Central Florida is one step closer to having two centers that offer proton therapy, an advanced form of radiation therapy for cancer treatment.
Since January, the Tennessee-based company Provision Healthcare has been building a structure in West Orange County to house a cyclotron, a 220-ton piece of equipment that generates the proton beam that’s used to kill cancer cells and is the heart of a proton therapy center.
On Wednesday, after crossing the waters from Japan and traveling from Cape Canaveral to Orlando, the 110-ton piece arrived on the back of a long flatbed truck at its new home in Hamlin, the centerpiece of Horizon West, one of the fastest-growing communities in the United States.
“That’s our big excitement. That’s a milestone in the project,” said Mary Lou DuBois, president of Provision Solutions.
Provision has big plans for its 17-acre campus. Once complete, Provision CARES Proton Therapy Orlando will be a free-standing comprehensive cancer center with three medical office buildings and a range of cancer therapies, including medical and radiation oncology and services such as imaging.
The company also has plans for a second center in Central Florida, currently scouting a location in Lake Nona.
Provision was first planning to establish a center at UCF Lake Nona Cancer Center — the former Sanford Burnham building that is now part of UCF — but then decided against it.
“It would probably cost more to refurbish that than build a new building,” said Terry Douglass, executive chairman of Provision Healthcare.
Once complete, the Provision campus in Horizon West will be the first free-standing cancer treatment center in Central Florida and the second proton therapy center following Orlando Health.
Provision officials said they’re not in town for competition.
“We are not tied to a specific hospital system,” said Douglass. “We encourage referrals from physicians and we encourage patients to consider our cancer center.”
Orlando Health’s proton therapy center, which opened in 2016, has treated more than 500 patients so far. Its officials said they’re not concerned about a second, or a third, proton therapy center in the area.
“Most of our volume is from our own patient referrals within our system,” said Dr. Naren Ramakrishna, director of proton therapy at Orlando Health. “Also, the machine is one thing, but there’s also the expertise. In terms of experience and expertise, we have a very strong department.”
When it comes to the number of proton therapy centers, Florida is somewhat of an outlier in the country.
There are 29 regional proton therapy centers in the United States, according to the National Association for Proton Therapy. Most states on the list have one or two proton therapy centers. Florida has five, not counting Provision’s upcoming sites in Horizon West and Lake Nona.
“Since 2006, there has been a six-fold growth in proton therapy centers in the U.S.,” said Stuart L. Klein, executive director of the UF Health Proton Therapy Institute in Jacksonville, in an email. “Florida’s population continues to grow and age and the incidence of cancer continues to increase in tandem.”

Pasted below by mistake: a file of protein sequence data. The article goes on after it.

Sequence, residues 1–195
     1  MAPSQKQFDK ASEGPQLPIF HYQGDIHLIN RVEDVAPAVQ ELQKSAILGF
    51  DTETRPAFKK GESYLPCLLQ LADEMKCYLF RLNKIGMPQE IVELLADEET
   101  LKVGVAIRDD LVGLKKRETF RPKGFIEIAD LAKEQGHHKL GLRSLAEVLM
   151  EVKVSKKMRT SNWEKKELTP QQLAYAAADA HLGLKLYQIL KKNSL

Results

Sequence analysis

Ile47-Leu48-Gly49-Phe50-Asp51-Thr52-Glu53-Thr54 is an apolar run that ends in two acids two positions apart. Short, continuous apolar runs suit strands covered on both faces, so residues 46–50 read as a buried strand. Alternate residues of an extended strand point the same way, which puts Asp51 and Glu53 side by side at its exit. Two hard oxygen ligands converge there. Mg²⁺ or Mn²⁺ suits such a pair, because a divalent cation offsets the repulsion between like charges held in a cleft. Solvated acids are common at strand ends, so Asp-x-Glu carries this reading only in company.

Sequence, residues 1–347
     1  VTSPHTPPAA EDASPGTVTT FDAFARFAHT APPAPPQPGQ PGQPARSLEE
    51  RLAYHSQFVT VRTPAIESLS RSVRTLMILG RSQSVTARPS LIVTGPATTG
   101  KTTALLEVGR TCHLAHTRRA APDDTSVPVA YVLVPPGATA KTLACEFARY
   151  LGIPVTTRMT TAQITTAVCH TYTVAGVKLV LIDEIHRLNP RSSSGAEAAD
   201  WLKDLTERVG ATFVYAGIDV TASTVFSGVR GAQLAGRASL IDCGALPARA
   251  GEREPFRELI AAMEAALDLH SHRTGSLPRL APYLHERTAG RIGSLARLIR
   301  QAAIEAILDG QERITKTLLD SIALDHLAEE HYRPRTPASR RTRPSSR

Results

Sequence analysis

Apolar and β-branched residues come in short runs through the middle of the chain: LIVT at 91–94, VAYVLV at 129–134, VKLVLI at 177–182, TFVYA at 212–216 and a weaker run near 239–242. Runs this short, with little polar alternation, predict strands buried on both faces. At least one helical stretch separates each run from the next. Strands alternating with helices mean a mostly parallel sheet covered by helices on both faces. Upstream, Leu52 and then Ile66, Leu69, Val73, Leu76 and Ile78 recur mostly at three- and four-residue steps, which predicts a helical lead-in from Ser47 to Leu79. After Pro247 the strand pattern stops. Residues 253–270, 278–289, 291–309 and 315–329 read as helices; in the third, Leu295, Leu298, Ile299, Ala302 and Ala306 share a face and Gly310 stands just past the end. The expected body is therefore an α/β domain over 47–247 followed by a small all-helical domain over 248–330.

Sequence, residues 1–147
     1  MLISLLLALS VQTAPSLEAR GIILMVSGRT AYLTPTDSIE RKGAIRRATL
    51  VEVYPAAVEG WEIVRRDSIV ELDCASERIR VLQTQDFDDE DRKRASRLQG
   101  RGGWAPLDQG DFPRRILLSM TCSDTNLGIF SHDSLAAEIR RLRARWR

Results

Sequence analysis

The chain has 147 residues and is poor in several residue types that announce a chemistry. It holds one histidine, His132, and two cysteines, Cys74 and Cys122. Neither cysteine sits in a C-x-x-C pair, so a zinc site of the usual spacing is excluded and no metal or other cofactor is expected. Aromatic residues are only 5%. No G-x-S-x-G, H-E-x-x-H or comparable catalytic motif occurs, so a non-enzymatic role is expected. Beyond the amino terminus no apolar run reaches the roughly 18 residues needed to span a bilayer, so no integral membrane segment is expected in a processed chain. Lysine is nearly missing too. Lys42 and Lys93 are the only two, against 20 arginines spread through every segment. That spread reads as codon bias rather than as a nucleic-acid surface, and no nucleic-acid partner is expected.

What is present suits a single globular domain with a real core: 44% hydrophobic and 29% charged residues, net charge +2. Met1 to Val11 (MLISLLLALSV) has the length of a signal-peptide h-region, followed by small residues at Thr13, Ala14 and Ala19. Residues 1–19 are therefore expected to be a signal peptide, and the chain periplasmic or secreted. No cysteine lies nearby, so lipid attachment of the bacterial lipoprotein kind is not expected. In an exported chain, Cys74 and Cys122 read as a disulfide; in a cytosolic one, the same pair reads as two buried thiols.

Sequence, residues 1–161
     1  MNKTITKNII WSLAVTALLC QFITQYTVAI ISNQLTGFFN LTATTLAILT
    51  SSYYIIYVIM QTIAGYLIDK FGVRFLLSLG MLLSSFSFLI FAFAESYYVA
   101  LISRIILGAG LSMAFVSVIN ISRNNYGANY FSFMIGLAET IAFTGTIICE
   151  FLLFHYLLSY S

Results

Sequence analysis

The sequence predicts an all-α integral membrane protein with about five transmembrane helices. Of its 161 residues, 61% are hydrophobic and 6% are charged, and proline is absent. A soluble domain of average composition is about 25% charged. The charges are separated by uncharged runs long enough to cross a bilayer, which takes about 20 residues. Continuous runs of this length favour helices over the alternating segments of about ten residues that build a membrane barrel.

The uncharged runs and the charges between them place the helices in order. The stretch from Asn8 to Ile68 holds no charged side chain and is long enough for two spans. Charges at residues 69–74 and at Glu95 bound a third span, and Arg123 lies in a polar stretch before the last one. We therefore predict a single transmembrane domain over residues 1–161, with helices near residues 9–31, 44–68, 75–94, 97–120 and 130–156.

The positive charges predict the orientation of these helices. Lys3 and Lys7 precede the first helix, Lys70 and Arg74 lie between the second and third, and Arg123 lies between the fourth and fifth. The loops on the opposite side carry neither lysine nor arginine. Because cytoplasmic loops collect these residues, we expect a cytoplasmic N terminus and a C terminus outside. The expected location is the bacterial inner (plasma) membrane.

UF Health’s proton therapy center opened in 2006, the first in the Southeast at the time. A decade later, the Ackerman Cancer Center Proton Therapy Center opened nearby in Jacksonville. But its addition has had no impact on the UF practice, said Klein.
“We continue to operate near capacity and have added a fifth treatment room, which we will begin using for patient treatment in early December 2019,” said Klein.
Proton therapy is currently recommended for kids and adults who have tumors that are localized or may be close to critical organs such as the brain and spinal cord.
Unlike radiation therapy, which can damage the tissue surrounding the cancer cells, proton therapy beams can be shaped and targeted so that when they reach the tumors they stop, leaving the surrounding tissues mostly undamaged.
“The whole goal of proton beam therapy is to help reduce the total amount of radiation therapy that a patient gets exposed to and thereby hopefully reduce long term side effects of radiation therapy,” said Dr. Mark Mishra, a radiation oncologist at University of Maryland School of Medicine, who has published several studies on proton therapy.
The list of cancers that are candidates for proton therapy is growing and there are ongoing clinical trials to compare proton therapy with other forms of radiation therapy. Part of the goal is also to find out how patients fare in the long run.
Along with clinical evidence, insurance companies are slowly starting to reimburse proton therapy, although in some cases, the institutes have to appeal the denials. In other cases, patients have sued the insurance companies for denying proton therapy.
“It’s a constantly shifting landscape,” said Ramakrishna of Orlando Health. “I think, Medicare tends to be more generous in terms of coverage. … Private insurers have widely varying degrees of acceptance of proton therapy for different indications. So you have to make a case for it for them to cover it.”
Officials at Provision said they’ve seen increased coverage from private payers and Florida is one of the best locations for private insurance coverage of proton therapy.
“That’s another reason that we believe the Florida market will be very successful,” said Douglass of Provision. He added that the company is planning to add several other locations across the state.
The second piece of Provision’s cyclotron — also 110 tons – is scheduled to arrive at Hamlin on Thursday.
The center, which will boast three treatment rooms, is expected to open in the first quarter of 2021.
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Naseem S. Miller | Orlando Sentinel